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Community Organizing Is More Important Than Ever. Here's How To Get Started.

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Come Together: A Community Organizing How-To


By Mikki Halpin


There’s a saying in community organizing that if you want to be an activist, walk out your front door, go to your neighbor’s house, and start talking. It sounds simple, but that’s basically it. Community organizing is some of the most hands-on, sustainable, results-oriented kind of work you can do to change the world, and you can totally do it. Here’s how:

Define community any way you want to. Maybe for you, “community” literally is the people on your block who want to get composting collection started. Maybe it’s a citywide group that wants to work to reopen ERs in neighborhoods that lack them. Maybe it’s your friends on Twitter, or the people who respond to your Facebook appeal. Or a bunch of strangers who come together based on a shared interest and a great idea. Whoever you feel comfortable with and share inspiration and goals with is your community.

What’s your big picture issue? Pick one thing, whether it’s reproductive rights, food insecurity, immigrant safety, housing, war, water, environment, prison reform—choose something that speaks to you. You can go broad here.

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Do your homework. Look into your issue, especially on the local level. What are the needs and challenges for success in that cause? Who is already doing good work? Talk to people. Go to some meetings and learn. What takes something big like “abortion” and turns it into a manageable issue to tackle?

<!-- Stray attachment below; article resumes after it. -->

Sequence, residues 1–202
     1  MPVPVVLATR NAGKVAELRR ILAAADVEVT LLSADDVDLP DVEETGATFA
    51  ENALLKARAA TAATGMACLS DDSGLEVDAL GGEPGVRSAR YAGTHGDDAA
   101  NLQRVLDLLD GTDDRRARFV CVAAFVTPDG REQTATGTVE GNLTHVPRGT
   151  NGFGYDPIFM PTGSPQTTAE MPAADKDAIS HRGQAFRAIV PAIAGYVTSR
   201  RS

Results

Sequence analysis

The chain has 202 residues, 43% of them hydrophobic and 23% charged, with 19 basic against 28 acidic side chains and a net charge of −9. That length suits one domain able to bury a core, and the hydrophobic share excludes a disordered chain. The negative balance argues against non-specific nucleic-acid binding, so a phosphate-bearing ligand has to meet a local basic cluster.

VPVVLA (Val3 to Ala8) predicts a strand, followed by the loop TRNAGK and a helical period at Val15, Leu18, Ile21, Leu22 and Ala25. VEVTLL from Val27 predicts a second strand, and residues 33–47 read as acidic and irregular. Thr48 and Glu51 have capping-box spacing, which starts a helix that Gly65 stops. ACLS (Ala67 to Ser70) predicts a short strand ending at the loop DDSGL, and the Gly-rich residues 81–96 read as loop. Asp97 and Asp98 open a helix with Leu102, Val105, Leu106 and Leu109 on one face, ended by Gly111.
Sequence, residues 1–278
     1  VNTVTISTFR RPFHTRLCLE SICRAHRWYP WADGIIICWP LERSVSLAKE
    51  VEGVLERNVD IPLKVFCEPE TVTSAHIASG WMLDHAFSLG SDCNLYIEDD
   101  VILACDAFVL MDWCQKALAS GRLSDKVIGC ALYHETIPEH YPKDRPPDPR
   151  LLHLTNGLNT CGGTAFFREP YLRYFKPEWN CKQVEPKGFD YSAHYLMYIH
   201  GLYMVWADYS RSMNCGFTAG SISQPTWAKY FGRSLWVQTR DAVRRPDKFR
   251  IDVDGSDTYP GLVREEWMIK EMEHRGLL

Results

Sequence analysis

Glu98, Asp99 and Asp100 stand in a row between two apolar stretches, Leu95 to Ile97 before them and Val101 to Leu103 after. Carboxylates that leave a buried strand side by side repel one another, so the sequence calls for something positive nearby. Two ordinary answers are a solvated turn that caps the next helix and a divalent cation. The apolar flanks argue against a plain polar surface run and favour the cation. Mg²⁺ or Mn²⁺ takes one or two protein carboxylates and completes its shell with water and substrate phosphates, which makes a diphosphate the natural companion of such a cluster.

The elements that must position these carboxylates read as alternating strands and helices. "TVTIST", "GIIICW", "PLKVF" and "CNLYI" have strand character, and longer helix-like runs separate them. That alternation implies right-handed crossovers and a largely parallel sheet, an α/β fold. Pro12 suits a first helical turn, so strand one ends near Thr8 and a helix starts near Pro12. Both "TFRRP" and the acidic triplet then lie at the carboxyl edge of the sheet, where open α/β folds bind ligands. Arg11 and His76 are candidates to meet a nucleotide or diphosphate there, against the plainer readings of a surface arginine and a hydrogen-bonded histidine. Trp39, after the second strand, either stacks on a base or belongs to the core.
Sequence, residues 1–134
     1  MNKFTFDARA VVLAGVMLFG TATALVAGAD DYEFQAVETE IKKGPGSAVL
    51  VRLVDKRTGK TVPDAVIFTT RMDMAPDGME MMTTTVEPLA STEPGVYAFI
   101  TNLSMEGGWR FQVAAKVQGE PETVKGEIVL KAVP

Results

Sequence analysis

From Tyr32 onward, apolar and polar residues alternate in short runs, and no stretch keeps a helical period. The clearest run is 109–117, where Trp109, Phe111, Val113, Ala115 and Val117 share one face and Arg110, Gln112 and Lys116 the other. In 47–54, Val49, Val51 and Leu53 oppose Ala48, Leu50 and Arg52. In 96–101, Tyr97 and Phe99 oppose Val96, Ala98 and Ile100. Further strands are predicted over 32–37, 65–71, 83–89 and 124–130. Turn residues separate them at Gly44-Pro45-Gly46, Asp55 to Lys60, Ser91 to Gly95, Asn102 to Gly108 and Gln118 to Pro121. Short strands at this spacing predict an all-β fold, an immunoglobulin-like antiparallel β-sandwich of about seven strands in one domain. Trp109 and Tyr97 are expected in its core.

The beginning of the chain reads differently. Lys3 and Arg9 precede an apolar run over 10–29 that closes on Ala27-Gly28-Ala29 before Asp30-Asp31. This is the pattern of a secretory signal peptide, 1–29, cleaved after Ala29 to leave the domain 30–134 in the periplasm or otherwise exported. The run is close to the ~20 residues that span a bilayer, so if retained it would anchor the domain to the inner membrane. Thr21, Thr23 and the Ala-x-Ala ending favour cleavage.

Set a goal. Find one thing that could make a difference; don’t decide on your own (see above). Does your local food pantry need an iPad to better track donations? Can you get the person in your state legislature who keeps introducing transphobic laws out of office? Is there an abortion clinic that needs escorts? Or a hospital in Syria that needs $40K to keep operating for one year?

Enlist others. This is the knocking on doors part! (You can also use email.) And this is when it’s helpful to have a discrete goal. Asking someone to help you flyer for a fundraiser for 20 hospital beds or set up training for the local precinct to learn to deal with citizens who have mental health issues is a lot more likely to get a response than, “I want to do something about Aleppo.” People want to do good things and they like to be involved in good things. You are doing them a favor. Let your passion ignite theirs.

Do your thing. It will be frustrating. Bands will flake on fundraisers. You will have to go to your local councilperson 20 times to be taken seriously. You will begin to hate everyone who stands in your way. Keep going. Persistence is how you turn impossibilities into possibilities.

Do another thing. In the course of your fund drive, escort program set up, legislative advocacy, or whatever you do, you’ll see more ways and places you can help. Keep working on the local level but also look into ways you can make structural change on your issue. If you started out doing a pen pal program with juveniles in prison, maybe next you want to look at the way sentencing laws in your state are affecting juveniles, or advocate for guards in juvenile institutions to get better mental-health training.

For me, working within my community (which I define in different ways at different times) is the kind of activism that I find the most rewarding and sustainable. If you’re new to “activism” as a thing, it’s one of the best ways to get started. You can totally change the world—just walk out the door.

Mikki Halpin is the author of It’s Your World: If You Don’t Like It, Change It, and runs the Action Now newsletter, tinyletter.com/actionnow.

Illustrated by Nicole Miles

 

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